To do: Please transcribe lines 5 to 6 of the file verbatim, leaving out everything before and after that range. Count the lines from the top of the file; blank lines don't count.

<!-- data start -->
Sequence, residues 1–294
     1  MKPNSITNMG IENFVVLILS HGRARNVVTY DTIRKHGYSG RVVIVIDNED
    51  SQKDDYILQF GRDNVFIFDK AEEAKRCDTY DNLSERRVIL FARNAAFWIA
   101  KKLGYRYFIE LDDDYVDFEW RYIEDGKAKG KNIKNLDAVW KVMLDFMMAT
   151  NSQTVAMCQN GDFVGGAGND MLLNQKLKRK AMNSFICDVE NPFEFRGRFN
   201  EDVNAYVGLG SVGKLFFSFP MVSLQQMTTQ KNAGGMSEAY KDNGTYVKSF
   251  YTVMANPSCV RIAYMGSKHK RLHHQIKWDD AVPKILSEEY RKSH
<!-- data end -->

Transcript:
   151  NSQTVAMCQN GDFVGGAGND MLLNQKLKRK AMNSFICDVE NPFEFRGRFN
   201  EDVNAYVGLG SVGKLFFSFP MVSLQQMTTQ KNAGGMSEAY KDNGTYVKSF